1. Outsource development or build in-house resources

Using in-house resources to support medical device product development is a common way the established companies run their mainstream and sustaining products on the market. With internal teams, the company can control the general pacing and speed of product development. The company can hire a multi-disciplinary pool of talents and maintain those within the organization. Furthermore, the presence of these internal resources provides a sense of historical continuity and tribal knowledge, as well as awareness of any internal challenges. The main drawback of this approach is that in the product development life cycle, there is a need for a lot of highly specialized talents to address specific technical and implementation risks. Building such a workforce will increase the number of hired resources thus, making the operation of the company heavy and less efficient.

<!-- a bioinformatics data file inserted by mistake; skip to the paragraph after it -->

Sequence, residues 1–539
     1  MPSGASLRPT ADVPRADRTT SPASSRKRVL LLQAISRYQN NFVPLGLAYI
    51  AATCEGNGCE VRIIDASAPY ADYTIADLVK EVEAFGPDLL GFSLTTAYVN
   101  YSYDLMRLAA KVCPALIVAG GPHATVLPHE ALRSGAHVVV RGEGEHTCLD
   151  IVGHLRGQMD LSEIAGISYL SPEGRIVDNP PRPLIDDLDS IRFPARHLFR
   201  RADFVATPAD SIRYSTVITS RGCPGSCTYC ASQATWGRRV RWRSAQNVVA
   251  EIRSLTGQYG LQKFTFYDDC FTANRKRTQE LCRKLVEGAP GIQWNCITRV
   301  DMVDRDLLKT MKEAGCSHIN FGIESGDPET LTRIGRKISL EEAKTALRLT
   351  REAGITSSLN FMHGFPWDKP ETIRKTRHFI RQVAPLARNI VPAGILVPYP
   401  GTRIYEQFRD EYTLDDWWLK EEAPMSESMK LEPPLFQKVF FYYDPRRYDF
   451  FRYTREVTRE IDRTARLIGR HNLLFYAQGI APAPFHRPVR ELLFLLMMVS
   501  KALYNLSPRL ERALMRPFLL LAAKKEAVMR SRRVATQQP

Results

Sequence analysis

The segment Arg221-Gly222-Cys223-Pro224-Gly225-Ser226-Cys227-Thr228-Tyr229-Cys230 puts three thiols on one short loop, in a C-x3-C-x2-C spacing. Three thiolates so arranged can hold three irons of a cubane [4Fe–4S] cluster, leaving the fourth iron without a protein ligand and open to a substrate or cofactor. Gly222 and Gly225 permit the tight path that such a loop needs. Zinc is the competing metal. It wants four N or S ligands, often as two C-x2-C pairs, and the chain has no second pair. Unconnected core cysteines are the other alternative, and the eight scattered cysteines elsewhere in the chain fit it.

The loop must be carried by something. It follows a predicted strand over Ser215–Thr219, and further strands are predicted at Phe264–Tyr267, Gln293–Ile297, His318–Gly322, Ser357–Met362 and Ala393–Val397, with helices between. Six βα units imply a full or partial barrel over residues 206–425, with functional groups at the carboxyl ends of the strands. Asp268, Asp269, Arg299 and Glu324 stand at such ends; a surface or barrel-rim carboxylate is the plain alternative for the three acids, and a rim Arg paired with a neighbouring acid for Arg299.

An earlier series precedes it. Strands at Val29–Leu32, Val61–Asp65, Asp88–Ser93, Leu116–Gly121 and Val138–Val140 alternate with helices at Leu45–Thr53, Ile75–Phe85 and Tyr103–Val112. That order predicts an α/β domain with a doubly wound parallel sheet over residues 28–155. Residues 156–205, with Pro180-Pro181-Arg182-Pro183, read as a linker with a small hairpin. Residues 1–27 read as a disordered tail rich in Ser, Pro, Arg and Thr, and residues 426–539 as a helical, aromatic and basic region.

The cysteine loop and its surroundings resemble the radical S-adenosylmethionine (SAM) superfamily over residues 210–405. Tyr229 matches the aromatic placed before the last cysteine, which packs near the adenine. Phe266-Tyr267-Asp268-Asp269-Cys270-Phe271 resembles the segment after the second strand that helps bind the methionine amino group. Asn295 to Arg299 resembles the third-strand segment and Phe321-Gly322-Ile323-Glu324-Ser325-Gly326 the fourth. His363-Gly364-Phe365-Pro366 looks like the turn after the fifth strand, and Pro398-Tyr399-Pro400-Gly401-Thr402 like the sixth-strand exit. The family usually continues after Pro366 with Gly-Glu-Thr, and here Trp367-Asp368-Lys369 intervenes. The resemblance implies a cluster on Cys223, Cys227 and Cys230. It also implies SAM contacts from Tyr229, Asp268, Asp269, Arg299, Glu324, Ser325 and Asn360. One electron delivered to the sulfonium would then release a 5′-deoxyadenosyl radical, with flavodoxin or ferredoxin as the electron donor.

On the other hand, outsourcing product development is an alternative way to manage a company by maintaining a lean organization with a core workforce. This core team will manage the outsourced tasks that require a specialized skill set not available in-house, or for crucial tasks that may only be done on a confined scope within the life cycle of the product.

Additionally, outsourced, or external partners are often available even after the product life cycle is complete, without the need to retain them in the company. By having a lean organization, outsourcing can reduce the burden of hiring and maintaining workforce resources, particularly when their expertise cannot be fully utilized or is only needed in a short span of time.